It is important when shopping for decaf coffee that you choose one that uses the Swiss Water Method as it is 100% chemical free. Another product I recently discovered is this Polish delight: Krakus Instant Coffee Substitute. It is all natural and made with extracts of roasted barley, rye, chicory, and beet roots. I know it doesn’t sound appetizing but I find it really does taste like coffee! You simply add a scoop to hot water, stir and enjoy. It is about $5.00 for a 250g can and each serving is only 5 calories. I figure it works out to $0.04-0.06 per serving depending on how big your scoop is (take that Starbucks!)photo 1(9)

If you are trying to kick the caffeine habit, do it slowly so you don’t experience the nasty side effects of caffeine withdrawal.  Slowly reduce the amount you are having each day and make the transition to a Swiss water decaf variety or give Krakus a try!

Do you drink caffeine? Have you ever experienced side effects?

Fun fact: Did you know coffee is the second most popular beverage in the world, after tea?



  • Marie May 6, 2013 at 8:44 am

    I quit coffee a month or so ago. No side effects. I now just drink green tea. But this sounds like an interesting product and doesn’t appear to have any gluten in it. Is it available in Canada or are you buying it online?

    • thehappyhealthfreak May 6, 2013 at 10:50 am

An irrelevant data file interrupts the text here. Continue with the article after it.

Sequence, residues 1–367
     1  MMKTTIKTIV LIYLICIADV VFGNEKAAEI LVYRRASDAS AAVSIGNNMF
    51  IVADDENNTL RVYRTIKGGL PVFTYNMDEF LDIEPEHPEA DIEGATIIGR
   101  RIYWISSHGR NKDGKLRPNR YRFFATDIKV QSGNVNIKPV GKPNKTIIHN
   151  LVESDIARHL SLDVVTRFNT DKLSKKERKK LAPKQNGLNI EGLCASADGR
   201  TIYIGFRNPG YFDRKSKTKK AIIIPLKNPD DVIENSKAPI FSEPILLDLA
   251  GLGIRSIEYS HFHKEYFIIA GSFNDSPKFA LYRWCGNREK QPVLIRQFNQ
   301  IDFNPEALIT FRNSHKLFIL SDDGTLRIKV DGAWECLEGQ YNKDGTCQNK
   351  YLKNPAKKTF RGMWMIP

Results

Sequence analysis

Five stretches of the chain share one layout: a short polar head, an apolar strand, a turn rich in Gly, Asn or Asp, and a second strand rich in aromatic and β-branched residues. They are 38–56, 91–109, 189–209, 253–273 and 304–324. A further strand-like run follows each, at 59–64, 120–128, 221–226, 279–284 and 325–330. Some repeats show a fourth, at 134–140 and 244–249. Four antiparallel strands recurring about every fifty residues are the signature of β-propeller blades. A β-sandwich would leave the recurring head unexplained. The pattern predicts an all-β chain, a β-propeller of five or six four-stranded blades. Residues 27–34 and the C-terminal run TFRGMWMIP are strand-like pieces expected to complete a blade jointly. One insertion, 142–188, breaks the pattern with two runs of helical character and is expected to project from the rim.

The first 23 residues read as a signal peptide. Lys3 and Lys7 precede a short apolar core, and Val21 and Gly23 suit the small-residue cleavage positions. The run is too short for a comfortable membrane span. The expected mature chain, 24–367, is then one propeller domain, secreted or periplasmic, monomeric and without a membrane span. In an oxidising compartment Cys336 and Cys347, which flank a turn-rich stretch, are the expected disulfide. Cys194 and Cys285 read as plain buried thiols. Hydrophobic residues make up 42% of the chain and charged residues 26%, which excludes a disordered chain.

Hello Marie! I bought it at Ferraros here in Trail. I’m sure you can get it at any health food store. I saw your coffee stash at the office 😉

      • Marie May 6, 2013 at 10:55 am

        Ya, I looked online and Nature’s Fare sells it for $6.29. Couldn’t find it in the states which was a surprise.

        • thehappyhealthfreak May 6, 2013 at 3:17 pm

          I didn’t see it on Amazon either, weird. I’m glad you found it though! let me know what you think 🙂

      • Jo September 27, 2014 at 12:40 pm

        I buy mine a food basic in Canada in the international food

  • Sarah Howells (GF Blogger) May 9, 2013 at 12:33 pm

    Interestingly I wrote a similar blog post recently documenting my attemps to give up coffee! I found I just ended up going cold turkey and working through the headaches! Although one bad weeknd and I;m back on the coffee again *sigh* was very interested to read about the de-caf processes though as I had assumed they were all chemically done – thanks for the great info 🙂

    • thehappyhealthfreak May 9, 2013 at 12:39 pm

      I’m sure it must have been hard to quit cold turkey! I just learned about the decaf process too. I really like Krakus, you should give it a try 😉